Rare earths in Greenland

How do the ignorant end up writing these articles?

Inside every wind turbine, inside computers, phones and other high-tech equipment from medical scanners to electric cars, are materials known as \”rare earths\”. This small group of 17 elements are in extraordinary demand – but their supply is limited, and most of the existing sources have already been snapped up by China in its quest for ever more rapid economic growth.

Last month China – which controls more than 90% of the reserves of these essential elements

China hasn\’t \”snapped up\” rare sources. And it most certainly doesn\’t have 90% of reserves. Even China\’s own numbers say 30% of reserves. 90% of current production, yes, but 30% of reserves.

Not that reserves is the important number of course. A mining reserve is stuff that we know is there, how much is there, how we\’re going to get it out and that it\’s worth getting out using current technologies and at current prices.

The important number is resources. The total amount of stuff that is out there. Given that one or two of the rare earths are, alone and by themselves, more abundant than copper then there\’s really no shortage of the dman things. After all, we\’ve been mining millions of tonnes of copper a year for many decades now. We use only 130,000 tonnes of REs a year.

Two things about mining for them in Greenland though. So, such mining might be polluting. Hmm, OK, so, where do you want your pollution? In a frozen wasteland that no one or thing inhabits? The interior of Greenland is, after all, one of the most lifeless places on the planet. If pollution there\’s going to be that\’s probably where you\’d like to have it.

The other thing is that this is all bound up with the European Union:

That is why Europe has been engaging in a strenuous bout of diplomacy with the home rule government of Greenland to allow access to the island\’s natural resources. According to geological estimates, below Greenland\’s vast ice sheet could lie enough rare earths to satisfy at least a quarter of global demand in the future.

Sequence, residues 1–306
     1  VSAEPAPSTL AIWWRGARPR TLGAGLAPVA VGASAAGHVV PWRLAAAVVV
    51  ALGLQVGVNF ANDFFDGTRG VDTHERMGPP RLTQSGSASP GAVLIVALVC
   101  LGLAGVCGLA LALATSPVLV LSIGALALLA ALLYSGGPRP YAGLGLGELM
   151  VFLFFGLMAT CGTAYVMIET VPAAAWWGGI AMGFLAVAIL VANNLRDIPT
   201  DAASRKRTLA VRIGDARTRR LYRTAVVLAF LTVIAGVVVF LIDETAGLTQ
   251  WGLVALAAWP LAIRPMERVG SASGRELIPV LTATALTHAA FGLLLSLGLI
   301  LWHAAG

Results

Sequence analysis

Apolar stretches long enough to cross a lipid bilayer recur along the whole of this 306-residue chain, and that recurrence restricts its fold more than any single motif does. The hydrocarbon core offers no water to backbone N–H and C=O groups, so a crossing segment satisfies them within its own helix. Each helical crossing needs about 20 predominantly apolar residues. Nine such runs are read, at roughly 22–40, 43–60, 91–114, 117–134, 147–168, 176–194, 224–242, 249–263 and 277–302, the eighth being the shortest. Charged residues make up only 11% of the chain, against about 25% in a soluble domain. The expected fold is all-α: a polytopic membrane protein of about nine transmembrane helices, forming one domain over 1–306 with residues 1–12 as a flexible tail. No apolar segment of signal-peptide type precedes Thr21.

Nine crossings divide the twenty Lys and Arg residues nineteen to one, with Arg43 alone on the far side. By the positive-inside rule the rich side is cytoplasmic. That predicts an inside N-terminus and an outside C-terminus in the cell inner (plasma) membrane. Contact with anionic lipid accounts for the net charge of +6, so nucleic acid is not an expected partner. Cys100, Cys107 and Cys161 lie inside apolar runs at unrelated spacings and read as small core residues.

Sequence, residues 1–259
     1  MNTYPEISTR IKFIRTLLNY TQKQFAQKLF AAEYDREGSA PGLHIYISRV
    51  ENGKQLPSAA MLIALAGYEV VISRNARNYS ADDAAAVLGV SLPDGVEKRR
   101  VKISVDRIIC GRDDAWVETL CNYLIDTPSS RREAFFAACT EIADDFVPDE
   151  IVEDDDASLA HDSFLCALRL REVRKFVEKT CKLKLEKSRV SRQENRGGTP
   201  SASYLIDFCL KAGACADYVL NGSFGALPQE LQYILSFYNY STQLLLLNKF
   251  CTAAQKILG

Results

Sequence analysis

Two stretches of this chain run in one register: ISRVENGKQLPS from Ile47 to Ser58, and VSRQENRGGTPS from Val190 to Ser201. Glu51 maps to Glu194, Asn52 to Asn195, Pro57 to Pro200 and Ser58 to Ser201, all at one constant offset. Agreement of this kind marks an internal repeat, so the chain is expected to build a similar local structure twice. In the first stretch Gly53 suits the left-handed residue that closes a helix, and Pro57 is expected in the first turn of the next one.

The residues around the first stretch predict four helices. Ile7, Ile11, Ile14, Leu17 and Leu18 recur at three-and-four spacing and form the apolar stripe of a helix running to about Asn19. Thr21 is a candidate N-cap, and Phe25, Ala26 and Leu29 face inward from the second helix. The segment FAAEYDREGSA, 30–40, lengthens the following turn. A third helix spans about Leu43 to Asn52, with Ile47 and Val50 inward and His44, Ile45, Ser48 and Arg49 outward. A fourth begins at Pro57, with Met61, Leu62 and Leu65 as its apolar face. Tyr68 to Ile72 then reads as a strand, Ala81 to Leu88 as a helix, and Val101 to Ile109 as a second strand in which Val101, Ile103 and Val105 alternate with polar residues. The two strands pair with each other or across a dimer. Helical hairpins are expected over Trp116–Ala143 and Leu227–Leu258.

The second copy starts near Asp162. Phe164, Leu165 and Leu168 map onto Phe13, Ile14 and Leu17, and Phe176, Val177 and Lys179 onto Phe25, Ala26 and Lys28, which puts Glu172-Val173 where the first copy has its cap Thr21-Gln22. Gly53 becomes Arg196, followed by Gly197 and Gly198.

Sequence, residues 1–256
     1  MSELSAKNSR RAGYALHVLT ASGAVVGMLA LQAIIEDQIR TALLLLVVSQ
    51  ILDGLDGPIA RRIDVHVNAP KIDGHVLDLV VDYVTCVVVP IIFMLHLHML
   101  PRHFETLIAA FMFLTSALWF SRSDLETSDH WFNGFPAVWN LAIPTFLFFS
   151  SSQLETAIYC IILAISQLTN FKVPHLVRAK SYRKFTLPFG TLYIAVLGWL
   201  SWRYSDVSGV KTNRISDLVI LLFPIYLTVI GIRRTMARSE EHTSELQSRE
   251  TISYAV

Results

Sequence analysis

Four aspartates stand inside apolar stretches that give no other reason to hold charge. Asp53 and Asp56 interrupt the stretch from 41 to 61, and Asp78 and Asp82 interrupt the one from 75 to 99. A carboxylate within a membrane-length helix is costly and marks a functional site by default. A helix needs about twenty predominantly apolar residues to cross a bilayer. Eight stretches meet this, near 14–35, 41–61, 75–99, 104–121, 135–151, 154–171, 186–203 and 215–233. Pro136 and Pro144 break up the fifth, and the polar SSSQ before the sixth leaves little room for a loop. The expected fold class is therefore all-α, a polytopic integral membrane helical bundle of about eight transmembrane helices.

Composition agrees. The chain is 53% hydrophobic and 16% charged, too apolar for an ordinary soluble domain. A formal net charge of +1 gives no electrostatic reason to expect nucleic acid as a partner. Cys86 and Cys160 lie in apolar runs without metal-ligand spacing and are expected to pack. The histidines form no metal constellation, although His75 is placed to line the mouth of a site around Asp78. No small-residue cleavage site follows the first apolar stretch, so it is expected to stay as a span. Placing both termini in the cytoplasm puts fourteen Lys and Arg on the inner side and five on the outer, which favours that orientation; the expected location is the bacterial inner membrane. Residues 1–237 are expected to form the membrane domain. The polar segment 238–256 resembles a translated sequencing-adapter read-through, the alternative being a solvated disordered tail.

The vice-president of the European commission, Antonio Tajani, has led the push, forging an agreement with Greenland to look at joint development of some of the deposits. The agreement will extend beyond rare earths

Tajani is, like all bureaucrats and planners, swiftly heading off in entirely the wrong direction. We need more metals? We must have a new mine! Needs lots more metals? We need lots or a large new mine (s)!

Gross stupidity of course.

Whether or not there\’s 130,000 tonnes a year available I\’m not sure. But I could easily point to 50,000 tonnes a year of REs in the wastes from already extant mining and processing operations. What is needed is not new mines but new methods of processing those extant resources.

Oh, BTW, the two main RE ores? Monazite and Xenotime? It\’s pretty much impossible to process either of them within the European Union.

That\’s how seriously the EU is taking the RE shortage.

7 thoughts on “Rare earths in Greenland”

  1. Monazite and Xenotime? It’s pretty much impossible to process either of them within the European Union.

    If you wouldn’t mind expounding to us non-experts, why? Silly regulations or something more fundamental?

    Tim adds: Both really. Thorium content.

    Thorium is lightly radioactive (I shipped a 13 lb piece to a customer once. As he pointed out, he could have that piece by his computer at work for an entire year and it wouldn’t even fog a dosimeter if he bothered to wear one).

    When you process either of these minerals you inevitably end up with hte thorium that was in the original material. The sensible thing to do is store it and wait until people start building thorium reactors (I know a company that actually does this). But given the squinnying about “radioactivity” the regs about processing are such that it’s pretty much impossible to get a new license to do it in the EU.

    Odd really: it’s not soluble in water so won’t leak into ground water etc. You can stick stuff which is 500 pm Th into standard landfill (ie, 0.05% is just fine) and you don’t even get charged a premium.

    The one RE processing factory in Europe has/is/will close (can’t remember which) when its Th storage tanks are full.

  2. There is another silliness in the Graun: they are speculating about mining, under the Greenland ice sheet, and the problems of waste water pollution. Well, its pretty cold up there, year round. Just getting enough ice melted to live off is a task for those who have to stay there. I can’t see them being able to get enough for vast polluting lakes, which would instantly freeze.

  3. Tim, you’re off message. Extracting resources from the Arctic will cause irreparable damage to a fragile environment already under severe pressure from SUV’s and will wipe out all those cuddly poley bears. Better book in to your nearest McKibbins Centre for reprogramming.

  4. Rob, they aren’t rare. They are in fact very common. They’re rare because they don’t often occur in nice easy to mine deposits. They’re spread around all over the place. They usually come out of the waste of mines for other materials.

  5. most of the existing sources have already been snapped up by China

    How does a nation-state “snap up” a source of minerals, short of invasion? I’m pretty sure China hasn’t invaded Western Australia, I would have read something about it in the Perth edition of Xinhua.

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